Hardcore Tips to Build a Strong Business
Les Gold Discusses How to Negotiate Your Way to the Top
Les Gold knows the value of thoroughly learning your profession before opening your own shop. Star of the hit cable TV show “Hardcore Pawn,” which quickly catapulted him to national fame, he is anything but an overnight sensation when it comes to business.
Gold began working in his grandfather’s Detroit-based pawnshop, Sam’s Loans, as a child and made his first sale at just 7 years old. He spent 24 years learning the pawnbroker business before he stepped out and opened his own shop.
His business, American Jewelry and Loan, fist opened in a 1,500-square-foot store in Oak Park, Mich., a suburb of Detroit, in 1978. Gold built his business to where he could move into a 50,000-square-foot store in Detroit in 1993, which currently employs over 50 people. Gold’s continued success allowed him to open a second store in Pontiac, Mich., in 2011.
The “Hardcore Pawn” TV pilot aired in 2009 and the series began in 2010. Now seven seasons in, the show touts nearly 4 million viewers and is considered a remarkable success for a niche network (TruTV). Season eight premiered on Dec. 17, 2013.
Building a Small Business
In discussing his top tips for building and running a successful small business, Gold said, “It’s important to know your product inside and out. Don’t look at your competition, as losing that focus will cause you to make mistakes. If you keep your eye on the competition, you’ll have your eye in the rearview mirror and lose sight of what’s in front of you.”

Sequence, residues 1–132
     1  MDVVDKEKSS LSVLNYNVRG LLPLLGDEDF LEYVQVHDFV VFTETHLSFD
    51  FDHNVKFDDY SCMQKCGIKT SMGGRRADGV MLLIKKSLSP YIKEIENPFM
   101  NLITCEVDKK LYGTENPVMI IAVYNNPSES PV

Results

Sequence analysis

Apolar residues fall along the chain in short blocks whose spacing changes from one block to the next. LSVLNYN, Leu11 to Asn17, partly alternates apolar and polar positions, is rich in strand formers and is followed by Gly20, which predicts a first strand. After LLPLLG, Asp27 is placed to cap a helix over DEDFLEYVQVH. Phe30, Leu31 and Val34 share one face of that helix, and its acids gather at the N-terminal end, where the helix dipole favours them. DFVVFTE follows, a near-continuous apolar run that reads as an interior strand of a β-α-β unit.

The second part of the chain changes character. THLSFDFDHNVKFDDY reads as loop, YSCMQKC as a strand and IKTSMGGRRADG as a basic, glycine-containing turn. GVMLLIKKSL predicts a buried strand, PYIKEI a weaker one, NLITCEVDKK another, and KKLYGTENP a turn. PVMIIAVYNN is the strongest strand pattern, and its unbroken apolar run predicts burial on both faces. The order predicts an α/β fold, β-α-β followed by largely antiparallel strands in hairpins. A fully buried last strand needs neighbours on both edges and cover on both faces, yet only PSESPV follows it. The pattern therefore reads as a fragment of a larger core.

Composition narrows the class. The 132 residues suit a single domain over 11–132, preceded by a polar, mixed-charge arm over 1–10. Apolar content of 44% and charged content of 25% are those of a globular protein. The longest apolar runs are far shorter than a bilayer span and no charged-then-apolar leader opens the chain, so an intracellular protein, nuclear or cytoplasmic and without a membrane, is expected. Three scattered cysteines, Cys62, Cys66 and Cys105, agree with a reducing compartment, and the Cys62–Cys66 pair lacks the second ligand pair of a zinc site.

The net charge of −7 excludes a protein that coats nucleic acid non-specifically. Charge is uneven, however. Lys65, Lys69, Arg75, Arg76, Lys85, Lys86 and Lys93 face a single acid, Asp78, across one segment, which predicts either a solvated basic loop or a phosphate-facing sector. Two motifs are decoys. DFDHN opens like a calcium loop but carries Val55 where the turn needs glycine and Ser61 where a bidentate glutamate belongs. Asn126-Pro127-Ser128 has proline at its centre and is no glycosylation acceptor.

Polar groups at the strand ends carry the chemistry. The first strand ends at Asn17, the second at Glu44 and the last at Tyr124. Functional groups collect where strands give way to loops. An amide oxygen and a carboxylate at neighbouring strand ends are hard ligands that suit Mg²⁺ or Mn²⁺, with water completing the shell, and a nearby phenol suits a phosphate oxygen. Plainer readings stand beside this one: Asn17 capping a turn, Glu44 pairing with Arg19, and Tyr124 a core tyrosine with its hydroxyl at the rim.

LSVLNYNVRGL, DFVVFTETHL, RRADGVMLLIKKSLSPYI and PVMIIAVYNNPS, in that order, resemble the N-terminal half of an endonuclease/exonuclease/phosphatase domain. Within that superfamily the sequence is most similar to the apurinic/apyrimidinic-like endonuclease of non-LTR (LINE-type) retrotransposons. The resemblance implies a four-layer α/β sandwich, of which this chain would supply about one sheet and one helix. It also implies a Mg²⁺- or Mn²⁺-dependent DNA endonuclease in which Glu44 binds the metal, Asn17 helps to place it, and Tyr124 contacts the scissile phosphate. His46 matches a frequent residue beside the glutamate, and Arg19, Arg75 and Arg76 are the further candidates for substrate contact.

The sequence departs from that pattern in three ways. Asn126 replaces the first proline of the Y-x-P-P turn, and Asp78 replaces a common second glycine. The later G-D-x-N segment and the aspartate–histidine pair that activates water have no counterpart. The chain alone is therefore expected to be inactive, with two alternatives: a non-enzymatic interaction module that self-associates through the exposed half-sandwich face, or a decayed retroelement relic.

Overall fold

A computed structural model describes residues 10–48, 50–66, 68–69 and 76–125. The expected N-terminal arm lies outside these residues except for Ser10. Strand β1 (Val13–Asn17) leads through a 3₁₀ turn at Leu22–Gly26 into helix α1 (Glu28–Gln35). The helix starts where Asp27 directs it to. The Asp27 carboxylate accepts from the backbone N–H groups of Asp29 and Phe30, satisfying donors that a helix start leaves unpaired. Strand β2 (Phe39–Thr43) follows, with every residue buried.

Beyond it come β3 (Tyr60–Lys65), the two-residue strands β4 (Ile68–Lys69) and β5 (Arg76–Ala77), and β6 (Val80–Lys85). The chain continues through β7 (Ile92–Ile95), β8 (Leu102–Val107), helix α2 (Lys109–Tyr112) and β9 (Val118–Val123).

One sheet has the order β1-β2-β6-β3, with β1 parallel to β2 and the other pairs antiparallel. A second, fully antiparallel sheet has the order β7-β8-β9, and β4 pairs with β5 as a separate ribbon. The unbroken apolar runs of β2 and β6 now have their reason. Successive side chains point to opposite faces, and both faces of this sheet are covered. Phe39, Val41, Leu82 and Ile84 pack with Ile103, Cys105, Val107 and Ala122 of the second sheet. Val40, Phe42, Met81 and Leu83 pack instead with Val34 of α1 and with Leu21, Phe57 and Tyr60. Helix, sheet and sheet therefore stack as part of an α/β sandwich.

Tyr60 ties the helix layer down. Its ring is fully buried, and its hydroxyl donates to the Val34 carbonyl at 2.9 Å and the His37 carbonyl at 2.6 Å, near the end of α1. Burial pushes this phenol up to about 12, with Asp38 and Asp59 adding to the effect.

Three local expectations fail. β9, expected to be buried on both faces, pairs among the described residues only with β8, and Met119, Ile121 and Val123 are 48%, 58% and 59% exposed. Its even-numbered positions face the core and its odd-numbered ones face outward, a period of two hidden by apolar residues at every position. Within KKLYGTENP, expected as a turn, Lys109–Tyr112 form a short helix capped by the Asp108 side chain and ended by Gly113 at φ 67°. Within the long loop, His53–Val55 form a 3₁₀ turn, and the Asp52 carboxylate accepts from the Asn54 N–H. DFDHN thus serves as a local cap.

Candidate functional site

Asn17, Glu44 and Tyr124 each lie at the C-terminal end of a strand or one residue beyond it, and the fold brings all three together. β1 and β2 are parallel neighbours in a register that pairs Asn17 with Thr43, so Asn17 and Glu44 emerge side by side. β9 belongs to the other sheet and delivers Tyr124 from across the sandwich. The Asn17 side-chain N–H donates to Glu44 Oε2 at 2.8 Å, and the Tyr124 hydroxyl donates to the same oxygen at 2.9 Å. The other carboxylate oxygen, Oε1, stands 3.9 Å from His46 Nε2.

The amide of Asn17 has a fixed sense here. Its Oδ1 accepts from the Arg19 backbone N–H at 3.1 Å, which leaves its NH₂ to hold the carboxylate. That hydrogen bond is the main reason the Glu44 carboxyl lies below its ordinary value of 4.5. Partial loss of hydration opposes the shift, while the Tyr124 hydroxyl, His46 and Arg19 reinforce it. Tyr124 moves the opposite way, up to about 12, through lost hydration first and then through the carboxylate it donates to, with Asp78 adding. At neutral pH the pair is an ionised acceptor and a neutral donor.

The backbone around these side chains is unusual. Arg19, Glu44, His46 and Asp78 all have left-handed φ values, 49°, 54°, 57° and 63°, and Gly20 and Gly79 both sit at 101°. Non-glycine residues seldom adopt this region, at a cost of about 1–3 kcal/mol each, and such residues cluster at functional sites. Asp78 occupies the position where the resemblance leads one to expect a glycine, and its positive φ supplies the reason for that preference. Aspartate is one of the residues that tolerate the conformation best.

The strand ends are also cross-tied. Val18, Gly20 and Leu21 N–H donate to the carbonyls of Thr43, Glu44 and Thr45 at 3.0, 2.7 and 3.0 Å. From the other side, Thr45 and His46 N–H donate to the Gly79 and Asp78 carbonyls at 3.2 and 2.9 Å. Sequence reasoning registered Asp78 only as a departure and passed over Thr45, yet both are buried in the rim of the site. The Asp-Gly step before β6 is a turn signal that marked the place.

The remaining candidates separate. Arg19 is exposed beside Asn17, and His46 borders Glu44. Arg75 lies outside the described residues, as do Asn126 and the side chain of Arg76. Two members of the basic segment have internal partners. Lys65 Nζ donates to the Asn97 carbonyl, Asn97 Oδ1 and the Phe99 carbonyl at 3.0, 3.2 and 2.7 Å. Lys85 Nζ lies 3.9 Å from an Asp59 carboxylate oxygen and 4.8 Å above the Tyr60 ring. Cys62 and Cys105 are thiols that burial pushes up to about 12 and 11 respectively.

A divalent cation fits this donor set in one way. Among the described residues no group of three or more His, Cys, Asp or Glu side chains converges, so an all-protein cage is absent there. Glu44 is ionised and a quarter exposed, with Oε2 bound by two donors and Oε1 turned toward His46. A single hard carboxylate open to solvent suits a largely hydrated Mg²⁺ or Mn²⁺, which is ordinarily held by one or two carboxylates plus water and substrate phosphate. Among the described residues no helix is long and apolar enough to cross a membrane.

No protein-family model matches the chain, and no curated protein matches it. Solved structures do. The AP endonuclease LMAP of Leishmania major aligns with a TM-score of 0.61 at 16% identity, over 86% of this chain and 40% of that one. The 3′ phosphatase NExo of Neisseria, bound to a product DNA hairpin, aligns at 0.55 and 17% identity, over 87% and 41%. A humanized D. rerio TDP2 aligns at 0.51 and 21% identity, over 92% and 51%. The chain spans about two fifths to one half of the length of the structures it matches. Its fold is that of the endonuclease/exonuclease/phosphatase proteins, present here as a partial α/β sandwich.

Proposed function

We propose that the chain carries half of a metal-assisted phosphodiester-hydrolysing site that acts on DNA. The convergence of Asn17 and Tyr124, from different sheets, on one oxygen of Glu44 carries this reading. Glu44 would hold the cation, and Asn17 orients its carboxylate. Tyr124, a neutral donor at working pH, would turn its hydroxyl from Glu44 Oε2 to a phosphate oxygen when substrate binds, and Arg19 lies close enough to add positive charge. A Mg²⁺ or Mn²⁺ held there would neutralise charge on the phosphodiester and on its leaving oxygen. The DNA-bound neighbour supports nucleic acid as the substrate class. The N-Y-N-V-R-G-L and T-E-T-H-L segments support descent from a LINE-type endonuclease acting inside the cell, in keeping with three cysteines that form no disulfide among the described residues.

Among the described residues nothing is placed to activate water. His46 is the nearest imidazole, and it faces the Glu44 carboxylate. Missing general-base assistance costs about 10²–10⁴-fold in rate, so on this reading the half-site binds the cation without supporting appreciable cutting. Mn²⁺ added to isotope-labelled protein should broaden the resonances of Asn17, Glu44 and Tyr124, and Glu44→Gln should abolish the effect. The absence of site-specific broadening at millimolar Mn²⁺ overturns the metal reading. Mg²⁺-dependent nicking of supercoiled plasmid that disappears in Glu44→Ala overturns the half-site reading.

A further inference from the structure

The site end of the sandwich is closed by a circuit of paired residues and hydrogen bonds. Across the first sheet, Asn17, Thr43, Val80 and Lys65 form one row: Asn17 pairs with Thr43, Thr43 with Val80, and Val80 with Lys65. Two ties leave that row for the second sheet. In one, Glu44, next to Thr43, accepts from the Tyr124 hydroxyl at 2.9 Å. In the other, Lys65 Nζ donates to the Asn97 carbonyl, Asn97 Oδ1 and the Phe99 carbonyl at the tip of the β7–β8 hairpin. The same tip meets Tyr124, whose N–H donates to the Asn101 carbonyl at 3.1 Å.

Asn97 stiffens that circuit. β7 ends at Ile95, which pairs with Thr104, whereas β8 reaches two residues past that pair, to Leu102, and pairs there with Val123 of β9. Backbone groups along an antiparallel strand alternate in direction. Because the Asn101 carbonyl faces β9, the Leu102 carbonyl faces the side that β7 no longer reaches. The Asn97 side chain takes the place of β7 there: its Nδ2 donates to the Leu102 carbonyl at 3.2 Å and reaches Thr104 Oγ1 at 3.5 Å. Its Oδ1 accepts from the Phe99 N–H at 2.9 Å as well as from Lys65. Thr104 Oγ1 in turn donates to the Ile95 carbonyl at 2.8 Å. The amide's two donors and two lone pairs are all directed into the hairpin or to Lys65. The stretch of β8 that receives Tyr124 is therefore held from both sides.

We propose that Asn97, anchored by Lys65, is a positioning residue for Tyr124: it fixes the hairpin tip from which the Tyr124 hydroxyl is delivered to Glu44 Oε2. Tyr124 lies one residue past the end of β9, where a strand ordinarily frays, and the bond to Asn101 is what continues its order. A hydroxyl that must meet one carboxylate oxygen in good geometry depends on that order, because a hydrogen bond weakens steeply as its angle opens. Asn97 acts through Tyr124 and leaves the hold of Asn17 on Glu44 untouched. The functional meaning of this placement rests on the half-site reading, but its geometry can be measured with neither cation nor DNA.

In selling, he said, it’s essential to remember the three most important keys to successful negotiation:
1. Manage the emotion — When you’re selling, engage with the buyer on an emotional level and remind them of the emotional payoff. Stress how this new heating system will make them feel, for instance.
2. Know your bottom line — It’s essential that you do your homework.
3. Know when to walk away — There are times when a deal is just not the right fit. Know when it’s time to shake hands and walk away.
Expanding on how to engage the buyer on an emotional level, Gold said, “Always look them in the eye when you’re talking to them and be confident. Always be truthful and straightforward.”
Reputation is Everything
In promoting a small business, Gold believes that word of mouth is No. 1. “Word of mouth is paramount, and therefore it’s important to do a quality job and offer a fair price,” he said. “Your industry is like mine in that reputation is everything and a few negative operators can really give the whole industry a bad name. So your reputation is your biggest asset — do whatever it takes to protect it.
“When I started, advertising was centered on the Yellow Pages. So, I started with a small ad and kept growing. Now, we focus our attention on digital strategies like search engines, mobile, and social media. It’s essential that your customers be able to find your business and that you engage with them where they are.”
Running a Family Business
Gold’s business, like many HVAC contracting businesses, is family owned and operated. His son, Seth, is vice president and his daughter, Ashley, is store manager. Thus, Gold is also well versed on navigating the challenges of running a family business.